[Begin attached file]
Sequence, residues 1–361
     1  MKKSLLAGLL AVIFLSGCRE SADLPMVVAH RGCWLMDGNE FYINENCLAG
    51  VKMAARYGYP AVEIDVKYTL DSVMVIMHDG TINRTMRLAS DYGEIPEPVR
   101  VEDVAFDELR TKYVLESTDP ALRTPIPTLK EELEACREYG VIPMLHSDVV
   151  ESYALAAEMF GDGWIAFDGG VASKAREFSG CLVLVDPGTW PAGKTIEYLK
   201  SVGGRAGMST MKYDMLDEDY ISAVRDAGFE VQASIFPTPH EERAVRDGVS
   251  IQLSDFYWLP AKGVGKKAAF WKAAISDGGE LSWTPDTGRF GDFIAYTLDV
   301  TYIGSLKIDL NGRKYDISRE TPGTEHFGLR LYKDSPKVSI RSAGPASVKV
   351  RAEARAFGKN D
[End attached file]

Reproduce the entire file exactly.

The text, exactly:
Sequence, residues 1–361
     1  MKKSLLAGLL AVIFLSGCRE SADLPMVVAH RGCWLMDGNE FYINENCLAG
    51  VKMAARYGYP AVEIDVKYTL DSVMVIMHDG TINRTMRLAS DYGEIPEPVR
   101  VEDVAFDELR TKYVLESTDP ALRTPIPTLK EELEACREYG VIPMLHSDVV
   151  ESYALAAEMF GDGWIAFDGG VASKAREFSG CLVLVDPGTW PAGKTIEYLK
   201  SVGGRAGMST MKYDMLDEDY ISAVRDAGFE VQASIFPTPH EERAVRDGVS
   251  IQLSDFYWLP AKGVGKKAAF WKAAISDGGE LSWTPDTGRF GDFIAYTLDV
   301  TYIGSLKIDL NGRKYDISRE TPGTEHFGLR LYKDSPKVSI RSAGPASVKV
   351  RAEARAFGKN D